4. Always look at your demographics. Users respond to different language. Know who you’re targeting with your ad and increase its relevance by using appropriate language. Older, wealthier men might prefer plain speak or some jargon. Guys in their twenties still dig a sports analogy. Go deep and figure out words and phrasing that work for specific groups. Do women prefer BOGO over men? Who is more likely to click on that language?
  5. Use exclamation points! Our content writers are freaking out but, in the case of ads, exclamation points work. Used to express alarm or excitement, ads with exclamation points in the call to action are compelling.
  6. Break some of the rules. No, it’s not okay to go overboard with the text speak but it is okay to use abbreviations to maximize the space you’re given. So go ahead and use 8 instead of eight. Capitalize everything except articles (a, and, the, this, these… you get the picture). That said, spelling and grammar must be impeccable for users to take you seriously.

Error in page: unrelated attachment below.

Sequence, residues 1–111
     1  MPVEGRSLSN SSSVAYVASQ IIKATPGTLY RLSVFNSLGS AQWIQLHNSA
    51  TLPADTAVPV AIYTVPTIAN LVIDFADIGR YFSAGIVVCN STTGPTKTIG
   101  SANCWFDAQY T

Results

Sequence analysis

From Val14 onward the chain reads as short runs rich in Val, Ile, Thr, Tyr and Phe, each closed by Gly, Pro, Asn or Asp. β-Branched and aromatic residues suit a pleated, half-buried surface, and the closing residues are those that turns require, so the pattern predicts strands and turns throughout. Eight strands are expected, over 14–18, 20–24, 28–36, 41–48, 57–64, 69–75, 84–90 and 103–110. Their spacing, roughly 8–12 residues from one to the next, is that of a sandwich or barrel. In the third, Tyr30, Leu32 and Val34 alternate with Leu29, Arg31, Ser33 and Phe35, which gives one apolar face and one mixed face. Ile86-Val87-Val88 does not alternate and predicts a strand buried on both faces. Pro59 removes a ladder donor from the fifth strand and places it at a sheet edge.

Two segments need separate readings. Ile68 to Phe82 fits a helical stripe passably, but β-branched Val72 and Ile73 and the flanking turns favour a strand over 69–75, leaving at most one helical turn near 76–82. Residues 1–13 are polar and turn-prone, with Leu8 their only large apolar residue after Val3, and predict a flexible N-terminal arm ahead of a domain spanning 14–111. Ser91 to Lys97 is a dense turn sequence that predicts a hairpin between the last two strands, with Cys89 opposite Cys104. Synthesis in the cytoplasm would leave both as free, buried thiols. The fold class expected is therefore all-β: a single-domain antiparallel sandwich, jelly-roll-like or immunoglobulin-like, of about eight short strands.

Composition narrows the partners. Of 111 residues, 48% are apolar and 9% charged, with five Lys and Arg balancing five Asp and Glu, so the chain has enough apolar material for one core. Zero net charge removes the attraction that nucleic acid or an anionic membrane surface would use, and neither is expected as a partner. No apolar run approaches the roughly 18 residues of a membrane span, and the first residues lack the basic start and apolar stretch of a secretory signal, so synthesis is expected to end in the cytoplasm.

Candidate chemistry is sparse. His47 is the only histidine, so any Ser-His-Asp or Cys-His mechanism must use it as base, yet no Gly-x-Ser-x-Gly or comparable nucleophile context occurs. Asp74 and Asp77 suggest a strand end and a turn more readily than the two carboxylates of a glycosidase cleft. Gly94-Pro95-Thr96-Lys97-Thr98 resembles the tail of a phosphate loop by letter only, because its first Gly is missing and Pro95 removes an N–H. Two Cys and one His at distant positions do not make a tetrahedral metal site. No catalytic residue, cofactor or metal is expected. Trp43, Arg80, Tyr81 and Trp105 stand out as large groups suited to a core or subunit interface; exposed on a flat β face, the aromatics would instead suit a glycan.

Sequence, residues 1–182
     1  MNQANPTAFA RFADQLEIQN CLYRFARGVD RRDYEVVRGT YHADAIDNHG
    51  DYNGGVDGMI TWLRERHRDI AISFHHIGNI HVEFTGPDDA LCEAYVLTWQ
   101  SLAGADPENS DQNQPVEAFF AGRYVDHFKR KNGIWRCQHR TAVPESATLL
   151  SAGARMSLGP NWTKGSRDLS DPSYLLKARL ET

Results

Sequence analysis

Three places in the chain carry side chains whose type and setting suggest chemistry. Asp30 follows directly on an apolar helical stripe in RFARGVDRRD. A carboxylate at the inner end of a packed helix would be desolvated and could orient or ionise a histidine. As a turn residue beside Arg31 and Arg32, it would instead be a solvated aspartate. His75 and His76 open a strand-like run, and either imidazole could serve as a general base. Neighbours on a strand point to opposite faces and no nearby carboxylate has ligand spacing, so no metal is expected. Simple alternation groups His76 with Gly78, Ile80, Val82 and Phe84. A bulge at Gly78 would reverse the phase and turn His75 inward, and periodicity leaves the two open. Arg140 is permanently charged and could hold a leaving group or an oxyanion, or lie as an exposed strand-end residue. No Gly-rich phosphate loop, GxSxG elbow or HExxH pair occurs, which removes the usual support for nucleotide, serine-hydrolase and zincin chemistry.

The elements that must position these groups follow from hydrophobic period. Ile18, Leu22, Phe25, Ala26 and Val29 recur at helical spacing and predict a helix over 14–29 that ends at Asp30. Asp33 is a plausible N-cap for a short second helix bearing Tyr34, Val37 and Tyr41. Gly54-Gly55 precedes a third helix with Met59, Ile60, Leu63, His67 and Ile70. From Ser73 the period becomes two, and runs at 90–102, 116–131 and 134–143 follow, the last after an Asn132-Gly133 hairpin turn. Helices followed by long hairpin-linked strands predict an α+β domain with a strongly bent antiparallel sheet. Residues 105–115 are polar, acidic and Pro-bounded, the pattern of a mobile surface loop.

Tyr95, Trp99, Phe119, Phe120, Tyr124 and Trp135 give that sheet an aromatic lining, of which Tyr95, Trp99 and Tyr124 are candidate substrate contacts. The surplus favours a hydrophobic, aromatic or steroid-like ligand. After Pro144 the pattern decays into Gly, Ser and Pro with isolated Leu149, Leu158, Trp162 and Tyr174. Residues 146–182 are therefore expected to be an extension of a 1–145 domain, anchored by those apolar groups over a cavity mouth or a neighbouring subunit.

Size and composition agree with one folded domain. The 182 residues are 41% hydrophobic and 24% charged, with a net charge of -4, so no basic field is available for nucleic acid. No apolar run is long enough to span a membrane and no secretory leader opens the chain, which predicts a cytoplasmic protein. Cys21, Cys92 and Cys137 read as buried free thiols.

7. Make it match. To help with your ad relevance score, make sure that the keyword in the ad matches the keyword on the landing page – otherwise Google won’t get the connection and consider the ad irrelevant.
  8. Group and diversify. Don’t just write one ad and call it a day. Think about how people search and create ad groups for synonyms and even different potential spellings. If you sell custom tee shirts think about how someone might search. Create groups based on the action and the product you’re selling. Instead of saying, “Buy funny tshirts.” Create groups that change up “browse” (search, find, browse). Do the same for “funny” (hilarious, humorous, silly) and “tshirts” (t shirts, t-shirts, tee shirts, teeshirts).
  9. A/B test. Always monitor and assess your ads to see what works and what doesn’t. You may have thought a particular word would attract your target audience but what do your analytics say? Could rewording a headline gain more clicks? Be responsive to your analytics!

Ad relevancy is vital to your quality score so take some time to assess how your ads measure up to these nine pointers.

Monitor Your Ad Relevance

As you move ahead, assess your ads to see if you’re hitting on these key improvements so that you can increase your audience, engagements and revenue. There’s a lot to keep track of, so it’s not a bad idea to contact us for a free evaluation of your current PPC strategy.